No, I'm not going to rant on about health care or the cost of insurance. I'm not poking fun at every politicians' idea of health care for the masses (as long as the same politicians get their own premium care.) That would be too easy.
This is about what some of us do to ourselves and for ourselves to stay fit and healthy, or to be more specific, about what I do to keep fit.
I was never naturally gifted as a child. I was always in the last three to be picked, if I was picked at all. That never deterred me from enjoying sports. I pretty much tried them all and eventually found some niches where I didn't suck as much.
In college I ran track and played competitive volleyball. (Competitive as opposed to recreational or church social volleyball.) I continued playing volleyball for many years and still do from time to time.
I played slow pitch softball for a few years. I was the least impressive player you could imagine, but I could pitch strikes, and I could place the ball on either corner of the plate. I was no deep threat at bat, but I learned how to hit the ball over the second baseman and run to first. (Almost every time.)
Something happens to the body after 40 and again after 50. Injuries take longer to heal and you get more of them. Body weight becomes a performance and a health issue (and therefore an additional fitness goal.) Everyone else gets faster (or so it seems.)
I have a bicycle that I bought in the early eighties. It was pretty OK in its day, but now it's considered a vintage bike. I used to ride it home from work. I took it on the train and then rode home. As a consultant, the distance to different clients varied anywhere from 10 to 20 miles. When I moved to Phoenix, I hung the bike up in the garage and left it there for about eight years. (I just couldn't get myself out there when it was 117 degrees.)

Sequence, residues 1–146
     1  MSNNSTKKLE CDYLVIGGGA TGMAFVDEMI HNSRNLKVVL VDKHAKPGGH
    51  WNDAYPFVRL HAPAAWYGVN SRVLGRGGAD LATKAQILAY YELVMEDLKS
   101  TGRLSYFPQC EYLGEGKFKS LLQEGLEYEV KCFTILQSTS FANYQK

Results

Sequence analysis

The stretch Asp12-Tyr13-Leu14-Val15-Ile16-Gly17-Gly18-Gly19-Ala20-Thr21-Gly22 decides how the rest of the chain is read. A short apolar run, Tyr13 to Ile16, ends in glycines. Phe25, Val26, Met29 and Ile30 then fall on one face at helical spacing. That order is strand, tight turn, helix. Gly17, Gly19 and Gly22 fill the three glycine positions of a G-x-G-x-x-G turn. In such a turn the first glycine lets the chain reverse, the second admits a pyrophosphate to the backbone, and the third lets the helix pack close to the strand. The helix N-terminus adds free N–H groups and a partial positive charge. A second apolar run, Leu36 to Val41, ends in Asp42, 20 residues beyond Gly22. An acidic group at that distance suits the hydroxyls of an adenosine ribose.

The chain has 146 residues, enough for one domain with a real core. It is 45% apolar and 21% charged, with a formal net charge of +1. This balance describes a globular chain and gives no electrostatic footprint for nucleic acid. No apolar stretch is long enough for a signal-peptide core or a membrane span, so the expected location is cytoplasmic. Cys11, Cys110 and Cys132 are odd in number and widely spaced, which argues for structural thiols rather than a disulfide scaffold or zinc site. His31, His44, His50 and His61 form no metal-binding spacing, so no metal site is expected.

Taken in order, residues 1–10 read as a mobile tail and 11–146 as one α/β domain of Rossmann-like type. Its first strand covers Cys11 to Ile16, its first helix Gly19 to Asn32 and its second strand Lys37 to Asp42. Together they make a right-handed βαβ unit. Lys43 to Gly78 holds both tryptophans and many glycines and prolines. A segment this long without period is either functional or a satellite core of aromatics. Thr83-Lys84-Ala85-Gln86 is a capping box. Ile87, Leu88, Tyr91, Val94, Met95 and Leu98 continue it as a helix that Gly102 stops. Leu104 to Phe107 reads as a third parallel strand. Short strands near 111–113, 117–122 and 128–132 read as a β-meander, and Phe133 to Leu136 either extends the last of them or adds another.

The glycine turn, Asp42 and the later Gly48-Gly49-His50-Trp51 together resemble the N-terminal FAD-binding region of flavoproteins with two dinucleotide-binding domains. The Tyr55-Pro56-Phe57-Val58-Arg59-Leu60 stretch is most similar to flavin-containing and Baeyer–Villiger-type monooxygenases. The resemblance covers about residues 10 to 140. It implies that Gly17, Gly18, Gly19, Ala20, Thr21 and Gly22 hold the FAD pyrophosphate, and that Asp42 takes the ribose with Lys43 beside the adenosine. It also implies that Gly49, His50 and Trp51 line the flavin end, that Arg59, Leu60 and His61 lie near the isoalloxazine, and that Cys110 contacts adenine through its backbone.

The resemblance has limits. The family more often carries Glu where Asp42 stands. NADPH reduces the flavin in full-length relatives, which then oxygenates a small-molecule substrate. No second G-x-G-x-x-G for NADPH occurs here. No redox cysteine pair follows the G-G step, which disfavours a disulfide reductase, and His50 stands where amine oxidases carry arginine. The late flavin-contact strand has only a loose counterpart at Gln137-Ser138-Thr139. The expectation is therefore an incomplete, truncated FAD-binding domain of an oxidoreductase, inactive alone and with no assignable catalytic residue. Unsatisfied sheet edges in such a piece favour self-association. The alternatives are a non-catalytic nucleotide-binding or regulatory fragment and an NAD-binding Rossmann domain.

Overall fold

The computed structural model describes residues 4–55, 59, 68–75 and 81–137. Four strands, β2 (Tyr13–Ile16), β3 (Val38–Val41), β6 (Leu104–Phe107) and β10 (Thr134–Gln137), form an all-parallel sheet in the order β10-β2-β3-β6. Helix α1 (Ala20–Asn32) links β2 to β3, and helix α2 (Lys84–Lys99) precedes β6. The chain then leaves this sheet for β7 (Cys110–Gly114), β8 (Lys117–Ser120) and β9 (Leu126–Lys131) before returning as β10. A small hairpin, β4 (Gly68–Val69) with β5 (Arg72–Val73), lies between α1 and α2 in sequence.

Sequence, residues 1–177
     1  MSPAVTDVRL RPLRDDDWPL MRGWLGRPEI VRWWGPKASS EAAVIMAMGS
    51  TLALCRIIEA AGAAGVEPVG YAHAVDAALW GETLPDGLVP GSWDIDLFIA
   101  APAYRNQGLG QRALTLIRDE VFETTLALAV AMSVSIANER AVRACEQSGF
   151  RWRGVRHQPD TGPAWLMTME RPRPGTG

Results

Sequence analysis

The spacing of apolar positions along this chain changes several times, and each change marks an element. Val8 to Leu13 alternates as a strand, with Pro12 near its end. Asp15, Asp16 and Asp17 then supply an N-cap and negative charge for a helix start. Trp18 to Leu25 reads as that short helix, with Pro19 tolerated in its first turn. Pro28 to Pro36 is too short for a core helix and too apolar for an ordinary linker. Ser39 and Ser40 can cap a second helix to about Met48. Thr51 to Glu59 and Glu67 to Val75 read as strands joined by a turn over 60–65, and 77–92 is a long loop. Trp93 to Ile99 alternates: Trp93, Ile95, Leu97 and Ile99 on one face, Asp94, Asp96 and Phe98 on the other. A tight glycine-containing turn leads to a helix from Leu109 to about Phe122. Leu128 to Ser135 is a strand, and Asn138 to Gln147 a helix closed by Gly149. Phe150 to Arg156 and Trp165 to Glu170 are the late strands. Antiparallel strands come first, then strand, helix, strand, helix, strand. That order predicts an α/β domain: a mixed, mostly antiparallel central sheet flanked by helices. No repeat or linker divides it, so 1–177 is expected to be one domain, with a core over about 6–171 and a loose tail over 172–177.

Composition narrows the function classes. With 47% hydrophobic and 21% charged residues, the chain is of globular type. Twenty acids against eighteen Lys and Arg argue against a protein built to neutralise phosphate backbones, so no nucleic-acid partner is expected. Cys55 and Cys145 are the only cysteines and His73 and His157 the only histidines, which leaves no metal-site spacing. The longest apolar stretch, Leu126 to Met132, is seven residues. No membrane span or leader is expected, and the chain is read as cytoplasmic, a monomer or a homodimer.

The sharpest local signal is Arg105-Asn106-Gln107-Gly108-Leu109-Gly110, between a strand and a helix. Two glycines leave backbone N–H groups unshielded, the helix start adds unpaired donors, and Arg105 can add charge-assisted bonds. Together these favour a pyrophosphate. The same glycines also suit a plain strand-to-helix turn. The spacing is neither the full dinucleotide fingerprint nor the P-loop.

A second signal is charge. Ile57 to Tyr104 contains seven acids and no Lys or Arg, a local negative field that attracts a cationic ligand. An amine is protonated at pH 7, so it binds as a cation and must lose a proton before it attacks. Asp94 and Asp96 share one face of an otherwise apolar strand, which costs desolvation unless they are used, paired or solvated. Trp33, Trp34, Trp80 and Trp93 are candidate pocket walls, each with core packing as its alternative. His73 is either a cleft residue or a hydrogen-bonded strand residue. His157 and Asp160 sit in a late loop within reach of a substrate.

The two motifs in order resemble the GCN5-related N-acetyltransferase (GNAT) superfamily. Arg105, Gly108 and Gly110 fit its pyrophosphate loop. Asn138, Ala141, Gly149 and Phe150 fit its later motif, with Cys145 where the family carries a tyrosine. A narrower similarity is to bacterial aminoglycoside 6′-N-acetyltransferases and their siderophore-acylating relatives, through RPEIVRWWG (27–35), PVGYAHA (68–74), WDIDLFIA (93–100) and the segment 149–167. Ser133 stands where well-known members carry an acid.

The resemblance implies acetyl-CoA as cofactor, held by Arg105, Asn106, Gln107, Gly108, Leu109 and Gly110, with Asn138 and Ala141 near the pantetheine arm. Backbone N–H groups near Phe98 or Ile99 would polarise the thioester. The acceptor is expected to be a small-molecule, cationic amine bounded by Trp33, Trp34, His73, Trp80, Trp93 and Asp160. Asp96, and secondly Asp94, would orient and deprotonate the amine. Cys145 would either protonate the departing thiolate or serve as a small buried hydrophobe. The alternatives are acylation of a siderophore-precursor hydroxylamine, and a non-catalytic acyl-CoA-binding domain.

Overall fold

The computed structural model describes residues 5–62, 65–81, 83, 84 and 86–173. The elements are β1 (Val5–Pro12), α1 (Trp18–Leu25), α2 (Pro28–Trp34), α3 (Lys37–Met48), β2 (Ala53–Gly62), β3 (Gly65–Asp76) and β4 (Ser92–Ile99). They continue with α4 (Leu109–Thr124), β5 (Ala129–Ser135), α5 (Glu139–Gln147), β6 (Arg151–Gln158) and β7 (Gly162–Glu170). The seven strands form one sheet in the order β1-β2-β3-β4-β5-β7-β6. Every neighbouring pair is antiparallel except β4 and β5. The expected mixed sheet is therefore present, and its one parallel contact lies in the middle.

I'm riding it again now. Since moving to Denver, I have met a lot of people who ride. It started a couple months ago when there was a bike to work day and I just kept riding. I put in anywhere from 40 to 60 miles a week now, which is nothing to a hardcore rider, but it's a lot for someone who sometimes gets the senior discount at the restaurants.
I've joined a group and nowhere else is the age of my bike so evident. It has semi-classic appeal in some parts of the country, but it's on the heavy side and together, we are slow climbing the hills. I am envious of the other riders who do not have to reach down to shift. In the eighties, bikes came with down-tube shift levers. Today, bikes have shift levers on the handle bars or even integrated with the break levers.
I want new shift levers, but whoa! I checked out the prices of new bikes with the integrated shift levers. The world has gone crazy. I know some of my gung-ho friends will shell out the price of a used car for their shiny new bike, but I never expected a decent bike with decent parts to cost the better part of a months salary.
That got me thinking. What else do we like to do? Skiing? Skis, boots, poles, pants. It adds up fast. Golf? You can get an affordable set of golf clubs, but if they suck you in, you will need better clubs to (allegedly) improve your game. Health club anyone? The prices vary dramatically, as does the equipment and the status attached to the club.
And it's not just exercise that costs. Try to eat healthy.
In the end, it doesn't matter whether you take care of your body to the fullest; enjoy life to the fullest; or find some middle ground where you do a little of both. All paths lead to the same ending. (You're not getting out of this life alive.) You just have to choose whether you want the longer path or the more fun path, and don't forget to check your wallet to see if you can afford either of them.